Eighteen-year-old Abby Thomson lives in Fillmore, and goes to school in Montmartre. However, her life has taken a turn recently, with countless medical appointments, a 16-day hospital stay, and chemotherapy around the corner. The soon-to-be-graduate was in pain for more than nine months before being diagnosed with Hodgkin's Lymphoma.
To help out Abby's family, a Facebook group, 'Rallying for Abby' has been created, along with a GoFundMe, and an online silent auction on Friday, February 15th* for which items for donation can be dropped off at Cowtown by February 14th. *UPDATE: this date has been changed to February 29th. Read the full update HERE.
Abby spent 16 days in January in the intensive care unit at Regina General Hospital. With no diagnosis prior, and only one form of treatment for this type of cancer, she begins chemotherapy in Regina next week and will be making regular trips to Saskatoon for PET scans in the MRI machine.
Her mom, Andrea Sigda, said they were lucky to catch the cancer at stage two.
"The cancer is contained to her neck, her upper chest, and her lymph nodes. They believe it is going to take two to six months - six months being on the higher end," she noted.
The fundraisers will help with travel, parking, accommodations, and food while Abby goes through the treatments.
"My doctors here in Weyburn, kept sending me for ultrasounds and telling me to go back every three months and see if anything's changed. That's all that was happening until I started getting pain under my ribs, in my upper chest, and then they sent me for a CT," shared Abby.
"The CT showed the mass of fluid as well as the mass of fluid that was surrounding her heart," explained Sigda, noting the doctors marveled at how Abby was still standing given the amount of fluid that was discovered in her chest. Her spleen and her liver were also very enlarged.
"We're very grateful for everything Regina General has done for her and our family. I camped out in her hospital room on a mattress," said Sigda.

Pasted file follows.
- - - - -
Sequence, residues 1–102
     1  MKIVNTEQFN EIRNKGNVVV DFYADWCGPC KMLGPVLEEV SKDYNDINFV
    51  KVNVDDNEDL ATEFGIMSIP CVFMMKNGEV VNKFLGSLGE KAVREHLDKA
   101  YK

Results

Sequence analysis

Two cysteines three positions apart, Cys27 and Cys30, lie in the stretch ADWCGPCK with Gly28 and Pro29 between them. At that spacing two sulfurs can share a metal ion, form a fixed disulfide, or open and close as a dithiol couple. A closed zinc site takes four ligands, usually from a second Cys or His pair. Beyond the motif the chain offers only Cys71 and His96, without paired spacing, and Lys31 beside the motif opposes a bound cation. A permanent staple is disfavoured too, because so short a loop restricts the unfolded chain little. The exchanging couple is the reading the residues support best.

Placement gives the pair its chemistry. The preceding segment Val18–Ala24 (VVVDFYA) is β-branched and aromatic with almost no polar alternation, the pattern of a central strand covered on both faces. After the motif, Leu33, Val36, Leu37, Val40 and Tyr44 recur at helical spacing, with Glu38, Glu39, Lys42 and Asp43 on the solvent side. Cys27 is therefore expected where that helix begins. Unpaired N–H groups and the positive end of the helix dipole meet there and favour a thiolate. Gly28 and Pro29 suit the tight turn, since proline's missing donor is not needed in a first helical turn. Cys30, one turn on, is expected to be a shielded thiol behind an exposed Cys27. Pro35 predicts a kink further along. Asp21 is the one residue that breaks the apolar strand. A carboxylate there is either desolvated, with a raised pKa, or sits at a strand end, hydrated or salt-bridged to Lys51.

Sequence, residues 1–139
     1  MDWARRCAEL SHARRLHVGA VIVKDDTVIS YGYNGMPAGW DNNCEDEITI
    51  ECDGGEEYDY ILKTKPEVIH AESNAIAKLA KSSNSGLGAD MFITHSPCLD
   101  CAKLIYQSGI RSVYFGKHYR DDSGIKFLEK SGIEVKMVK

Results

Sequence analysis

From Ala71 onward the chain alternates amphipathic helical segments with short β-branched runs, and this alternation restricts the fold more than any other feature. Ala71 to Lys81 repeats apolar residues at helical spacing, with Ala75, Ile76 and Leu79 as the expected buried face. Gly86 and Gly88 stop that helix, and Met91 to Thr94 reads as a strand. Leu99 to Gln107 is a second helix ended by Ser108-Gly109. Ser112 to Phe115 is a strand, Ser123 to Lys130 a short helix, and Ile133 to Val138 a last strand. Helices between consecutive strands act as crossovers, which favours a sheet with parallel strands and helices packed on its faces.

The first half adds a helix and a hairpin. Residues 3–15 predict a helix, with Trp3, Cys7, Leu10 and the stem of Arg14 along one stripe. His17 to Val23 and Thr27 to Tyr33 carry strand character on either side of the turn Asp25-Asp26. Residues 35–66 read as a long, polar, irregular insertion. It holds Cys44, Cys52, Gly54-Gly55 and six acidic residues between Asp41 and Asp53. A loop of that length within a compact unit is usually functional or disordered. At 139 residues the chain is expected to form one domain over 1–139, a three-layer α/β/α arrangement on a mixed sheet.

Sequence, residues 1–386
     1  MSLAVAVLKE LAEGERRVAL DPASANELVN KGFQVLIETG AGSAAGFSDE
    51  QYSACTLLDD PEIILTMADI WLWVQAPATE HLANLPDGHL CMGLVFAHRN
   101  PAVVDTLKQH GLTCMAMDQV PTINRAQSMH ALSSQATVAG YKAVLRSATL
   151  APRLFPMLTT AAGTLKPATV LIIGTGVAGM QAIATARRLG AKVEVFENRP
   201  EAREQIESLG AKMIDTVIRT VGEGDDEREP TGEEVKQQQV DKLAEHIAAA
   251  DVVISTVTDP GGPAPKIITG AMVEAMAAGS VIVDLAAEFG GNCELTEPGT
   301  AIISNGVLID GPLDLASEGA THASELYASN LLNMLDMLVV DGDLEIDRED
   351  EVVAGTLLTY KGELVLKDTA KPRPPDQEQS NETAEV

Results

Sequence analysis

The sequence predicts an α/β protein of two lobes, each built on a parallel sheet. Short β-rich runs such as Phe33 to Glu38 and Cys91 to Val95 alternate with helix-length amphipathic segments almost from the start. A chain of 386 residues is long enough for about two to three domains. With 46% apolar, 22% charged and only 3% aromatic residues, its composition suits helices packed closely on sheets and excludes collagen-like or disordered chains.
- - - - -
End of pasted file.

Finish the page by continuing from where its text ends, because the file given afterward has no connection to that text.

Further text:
Abby said the lumps originally showed up about nine months to a year ago, and for most of that time, all of the testing done was ultrasounds until January 15th.
"They dropped the ball on me that I had a huge mass of fluid that we didn't know existed."
The CT had been ordered by an ER doctor in Weyburn.
"At this point, we've easily had over 20 doctors involved in her care and well-being," said Sigda. "It's not something that I can say has been easy. Our family, as well as the Regina General Hospital staff, I can't express how much thanks and gratitude we have for everyone involved. I've got four daughters, and you don't realize how close to brushing death we actually were."
"We have no idea what the future holds or how long this battle is going to be ahead of us. But she's got the love of a family and a great community behind her."
"Being this young, especially, like, I've had multiple doctors say, 'I've never seen this in such a young person'. It is scary, to say the least, being an 18-year-old receiving chemo every two weeks for four to six months, and then every two months," shared Abby.
"The amount of CT scans, the amount of x-rays, heart rhythm tests, echoes that she's had in the month of January, we've lost track. It's actually the cancer pushing on her upper chest as well as her neck and her armpit area."
Even before bonding with the nurses at the Regina General, Abby said she had always been interested in a career in the medical field.
"I either want to be a paramedic or a nurse," she shared. "My nurses said to me, 'hopefully this doesn't push you away', but it's going to be helpful in my career path because I know what people go through."